In addition to the fact that the figures are embracing, what other element links the three together in Canova’s sculpture of Zeus’s daughters?
A scarf, also known as a Kremer, muffler or neck-wrap, is a piece of fabric worn around the neck, near the head or around the waist for warmth, cleanliness, fashion, or religious reasons. They can come in a variety of different colours.
Clue: The three slender female figures become one in their embrace, united by not only their linked hands, but also by the scarf which links all of them together. The unity of the Graces is one of the piece’s main themes. In the version of the piece commissioned by Countess Josephine, the Graces are stood on a sacrificial altar adorned with three wreathes of flowers and a garland symbolizing their fragile, close ties.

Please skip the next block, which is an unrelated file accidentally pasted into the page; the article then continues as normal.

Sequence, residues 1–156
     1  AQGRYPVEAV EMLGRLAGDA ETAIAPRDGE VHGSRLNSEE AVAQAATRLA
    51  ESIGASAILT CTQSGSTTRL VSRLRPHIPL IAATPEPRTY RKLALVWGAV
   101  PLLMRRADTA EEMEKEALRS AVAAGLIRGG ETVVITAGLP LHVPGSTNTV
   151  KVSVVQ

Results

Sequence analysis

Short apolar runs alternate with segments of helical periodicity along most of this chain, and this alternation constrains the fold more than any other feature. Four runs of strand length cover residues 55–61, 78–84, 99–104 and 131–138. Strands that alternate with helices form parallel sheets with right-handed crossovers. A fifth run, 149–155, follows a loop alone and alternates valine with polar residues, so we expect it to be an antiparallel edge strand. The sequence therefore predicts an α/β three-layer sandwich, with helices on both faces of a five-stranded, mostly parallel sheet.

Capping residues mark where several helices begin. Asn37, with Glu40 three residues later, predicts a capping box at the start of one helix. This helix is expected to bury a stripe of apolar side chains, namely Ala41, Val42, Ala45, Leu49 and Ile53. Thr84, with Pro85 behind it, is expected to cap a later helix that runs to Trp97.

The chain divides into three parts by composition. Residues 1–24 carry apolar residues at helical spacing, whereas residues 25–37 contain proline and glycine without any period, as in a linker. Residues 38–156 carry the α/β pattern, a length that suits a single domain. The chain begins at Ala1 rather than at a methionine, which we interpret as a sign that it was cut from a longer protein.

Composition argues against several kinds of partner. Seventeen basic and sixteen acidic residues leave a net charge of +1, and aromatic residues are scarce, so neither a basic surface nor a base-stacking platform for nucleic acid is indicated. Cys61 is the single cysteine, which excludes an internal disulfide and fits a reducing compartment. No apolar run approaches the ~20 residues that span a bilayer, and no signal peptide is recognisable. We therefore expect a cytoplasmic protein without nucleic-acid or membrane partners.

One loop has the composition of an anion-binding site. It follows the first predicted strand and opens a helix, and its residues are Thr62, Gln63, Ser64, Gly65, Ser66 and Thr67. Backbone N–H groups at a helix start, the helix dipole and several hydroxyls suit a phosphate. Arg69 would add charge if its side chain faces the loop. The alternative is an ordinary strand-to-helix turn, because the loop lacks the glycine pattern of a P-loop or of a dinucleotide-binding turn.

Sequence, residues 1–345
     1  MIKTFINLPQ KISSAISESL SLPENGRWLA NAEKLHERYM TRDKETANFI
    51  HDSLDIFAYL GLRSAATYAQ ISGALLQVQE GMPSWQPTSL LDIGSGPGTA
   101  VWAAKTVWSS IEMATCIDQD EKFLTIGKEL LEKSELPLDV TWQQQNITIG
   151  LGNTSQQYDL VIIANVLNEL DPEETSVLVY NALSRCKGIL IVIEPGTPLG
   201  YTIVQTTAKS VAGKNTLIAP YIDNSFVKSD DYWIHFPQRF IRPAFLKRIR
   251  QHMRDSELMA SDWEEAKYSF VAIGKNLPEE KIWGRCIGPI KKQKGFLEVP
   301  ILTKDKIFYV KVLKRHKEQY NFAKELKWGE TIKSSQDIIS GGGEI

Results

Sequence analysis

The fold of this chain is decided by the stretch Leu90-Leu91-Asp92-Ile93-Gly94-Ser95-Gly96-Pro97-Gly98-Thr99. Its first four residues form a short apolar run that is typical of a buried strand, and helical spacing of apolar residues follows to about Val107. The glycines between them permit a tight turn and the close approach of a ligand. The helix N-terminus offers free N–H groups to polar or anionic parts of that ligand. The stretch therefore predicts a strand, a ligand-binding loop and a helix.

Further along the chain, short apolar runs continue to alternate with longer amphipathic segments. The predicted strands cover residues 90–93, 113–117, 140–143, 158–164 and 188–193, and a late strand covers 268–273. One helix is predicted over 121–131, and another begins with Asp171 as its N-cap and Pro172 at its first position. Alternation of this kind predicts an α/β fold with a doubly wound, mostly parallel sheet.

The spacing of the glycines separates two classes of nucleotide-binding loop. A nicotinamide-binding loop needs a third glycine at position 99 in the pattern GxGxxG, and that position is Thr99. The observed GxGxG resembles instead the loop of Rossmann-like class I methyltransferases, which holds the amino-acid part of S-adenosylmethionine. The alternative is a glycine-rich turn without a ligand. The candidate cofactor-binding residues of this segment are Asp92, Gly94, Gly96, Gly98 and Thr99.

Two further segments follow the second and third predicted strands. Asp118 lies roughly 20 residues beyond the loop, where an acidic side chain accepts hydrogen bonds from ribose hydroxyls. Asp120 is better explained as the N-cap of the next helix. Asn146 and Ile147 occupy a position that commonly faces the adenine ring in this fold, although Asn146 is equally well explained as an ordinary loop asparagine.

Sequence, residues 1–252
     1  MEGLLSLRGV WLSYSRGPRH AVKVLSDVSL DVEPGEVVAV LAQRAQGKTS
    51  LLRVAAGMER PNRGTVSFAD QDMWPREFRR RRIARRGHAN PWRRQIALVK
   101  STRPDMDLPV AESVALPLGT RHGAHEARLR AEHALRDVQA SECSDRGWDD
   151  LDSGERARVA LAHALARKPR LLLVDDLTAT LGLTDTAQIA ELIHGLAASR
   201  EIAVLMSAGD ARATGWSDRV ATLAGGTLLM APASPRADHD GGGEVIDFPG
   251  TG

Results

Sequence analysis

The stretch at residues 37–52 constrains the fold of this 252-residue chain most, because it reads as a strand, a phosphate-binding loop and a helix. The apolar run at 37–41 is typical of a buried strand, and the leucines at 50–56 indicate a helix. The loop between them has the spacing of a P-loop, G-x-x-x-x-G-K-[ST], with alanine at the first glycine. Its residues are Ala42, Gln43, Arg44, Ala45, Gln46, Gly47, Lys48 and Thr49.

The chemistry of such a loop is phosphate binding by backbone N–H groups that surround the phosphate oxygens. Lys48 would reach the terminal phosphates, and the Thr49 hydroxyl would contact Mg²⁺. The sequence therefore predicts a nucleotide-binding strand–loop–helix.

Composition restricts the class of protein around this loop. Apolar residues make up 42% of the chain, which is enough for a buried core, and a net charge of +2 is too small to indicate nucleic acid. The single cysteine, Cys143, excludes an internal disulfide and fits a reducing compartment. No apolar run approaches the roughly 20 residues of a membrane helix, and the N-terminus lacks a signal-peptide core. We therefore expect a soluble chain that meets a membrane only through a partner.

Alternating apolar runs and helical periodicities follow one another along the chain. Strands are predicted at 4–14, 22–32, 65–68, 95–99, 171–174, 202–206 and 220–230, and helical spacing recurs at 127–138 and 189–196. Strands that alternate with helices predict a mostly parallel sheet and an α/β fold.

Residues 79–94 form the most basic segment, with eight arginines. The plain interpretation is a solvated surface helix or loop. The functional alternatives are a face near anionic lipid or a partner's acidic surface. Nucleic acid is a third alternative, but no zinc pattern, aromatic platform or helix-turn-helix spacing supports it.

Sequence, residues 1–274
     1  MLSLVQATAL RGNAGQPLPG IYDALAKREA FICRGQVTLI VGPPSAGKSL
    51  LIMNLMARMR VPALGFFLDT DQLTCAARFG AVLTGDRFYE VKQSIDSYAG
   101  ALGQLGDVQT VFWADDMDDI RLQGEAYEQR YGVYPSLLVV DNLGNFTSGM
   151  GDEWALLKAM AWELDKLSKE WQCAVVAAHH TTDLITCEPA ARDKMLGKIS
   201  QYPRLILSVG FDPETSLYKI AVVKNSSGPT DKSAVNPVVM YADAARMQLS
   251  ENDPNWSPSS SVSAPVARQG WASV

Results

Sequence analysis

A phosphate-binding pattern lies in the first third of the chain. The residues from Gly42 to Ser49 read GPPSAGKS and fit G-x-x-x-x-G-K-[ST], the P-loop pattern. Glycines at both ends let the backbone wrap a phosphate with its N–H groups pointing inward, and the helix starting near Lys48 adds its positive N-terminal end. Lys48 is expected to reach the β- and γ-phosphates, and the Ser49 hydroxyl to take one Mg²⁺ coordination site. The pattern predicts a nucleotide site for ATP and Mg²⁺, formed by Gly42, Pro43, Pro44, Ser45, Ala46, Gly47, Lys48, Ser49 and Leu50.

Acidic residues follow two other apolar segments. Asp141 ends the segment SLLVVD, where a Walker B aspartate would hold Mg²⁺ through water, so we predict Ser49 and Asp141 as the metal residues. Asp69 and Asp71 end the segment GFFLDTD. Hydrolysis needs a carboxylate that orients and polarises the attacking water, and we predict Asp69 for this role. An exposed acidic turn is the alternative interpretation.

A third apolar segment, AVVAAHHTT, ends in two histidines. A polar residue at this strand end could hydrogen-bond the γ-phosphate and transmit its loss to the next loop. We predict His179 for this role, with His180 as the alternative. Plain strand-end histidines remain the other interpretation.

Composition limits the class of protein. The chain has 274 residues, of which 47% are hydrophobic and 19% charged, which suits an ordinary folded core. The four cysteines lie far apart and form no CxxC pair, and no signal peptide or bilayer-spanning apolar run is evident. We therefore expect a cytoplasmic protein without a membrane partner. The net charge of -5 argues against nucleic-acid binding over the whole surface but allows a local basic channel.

Antonio Canova’s statue The Three Graces is a Neoclassical sculpture, in marble, of the mythological three charites, daughters of Zeus – identified on some engravings of the statue as, from left to right, Euphrosyne, Aglaea and Thalia – who were said to represent youth/beauty(Thalia), mirth(Euphrosyne) and elegance(Aglaia). The Graces presided over banquets and gatherings primarily to entertain and delight the guests of the gods. As such they have always proved to be attractive figures for historical artists including Sandro Botticelli and Bertel Thorvaldsen.
A version of the sculpture is to be found in the Hermitage Museum, another is owned jointly and exhibited in turn by the Victoria and Albert Museum and the National Galleries of Scotland.